Why? Being at the top of your game in the field of computers makes you about 70 billion dollars. Being decidedly average at computers gets you a mortgage and an ok house.

So why exactly should musicians get a very average wage and everyone below can't pay the bills at all? The median income for musicians is zero as it is.


70 billion? A top developer would be lucky to earn more than 100k.
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Re: Interesting Article on Spotify/Streaming Revenues/Thom Yorke/etc

Postby Dynamic Mike » Mon Jul 22, 2013 4:20 pm

johnny h wrote:So why exactly should musicians get a very average wage and everyone below can't pay the bills at all? The median income for musicians is zero as it is.

So exactly how much more is a musician is worth than a nurse? Or a soldier? And why?

To quote the late, great Joe Strummer, when a producer spent an hour EQing the hi-hats 'Who cares, it's just a turdy record.'
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Re: Interesting Article on Spotify/Streaming Revenues/Thom Yorke/etc

Postby johnny h » Mon Jul 22, 2013 5:06 pm

Dynamic Mike wrote:
johnny h wrote:So why exactly should musicians get a very average wage and everyone below can't pay the bills at all? The median income for musicians is zero as it is.

So exactly how much more is a musician is worth than a nurse? Or a soldier? And why?

Loads more.

Because its really easy to be a nurse or a soldier. You just sign up, do some training and that's that, you are in the job. How many people spend years and 10s of thousands of pounds on music courses and can't achieve so much as a cursory brush-off email from a record label or studio?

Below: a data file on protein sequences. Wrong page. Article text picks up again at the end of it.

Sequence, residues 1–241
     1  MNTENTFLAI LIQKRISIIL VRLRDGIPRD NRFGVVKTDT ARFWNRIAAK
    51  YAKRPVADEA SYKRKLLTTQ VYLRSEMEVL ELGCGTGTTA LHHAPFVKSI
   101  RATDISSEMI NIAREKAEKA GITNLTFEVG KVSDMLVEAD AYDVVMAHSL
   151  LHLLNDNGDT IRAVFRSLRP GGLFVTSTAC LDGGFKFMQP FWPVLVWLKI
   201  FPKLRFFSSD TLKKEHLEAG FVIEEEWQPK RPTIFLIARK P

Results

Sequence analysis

Its easy to say someone who puts their life on the line for your country is a hero. That's the story the government like to peddle. But its not true. All these guys are doing is risking their life in exchange for money and 'honour'. The 'honour' being performing violent acts to please your elite masters, who in return view you with utter contempt.

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Re: Interesting Article on Spotify/Streaming Revenues/Thom Yorke/etc

Postby Launch Pad » Mon Jul 22, 2013 5:08 pm

This recurring question of weather music should be free or not really winds me up.

The people that bring it up usually seem to be people that don't actually make music so they can't appreciate what they are actually talking about.
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Re: Interesting Article on Spotify/Streaming Revenues/Thom Yorke/etc

Postby lukeandrewhill » Mon Jul 22, 2013 5:09 pm

Surely the answer to that (at least in the past) is that the musician's worth is directly proportional to the number of people willing to pay to have his or her music. Not every musician in the 70's or 80's or whatever when music paid drove around in flash cars - only the good ones who sold lots of records - presumably as a result of being rather good at what they did. The problem now is that even if you are really good at making music you don't get paid for it as no one is buying.

Not sure I agree about the wage argument for musicians either. They aren't in a factory churning out music as if they were making furniture or something. Its all a lot more intangible and surely what you get paid must relate to the number of units you sell - a wage kind of gives the impression that musicians should get paid a reasonable amount even if no one likes what they have made (and therefore doesn't consume it.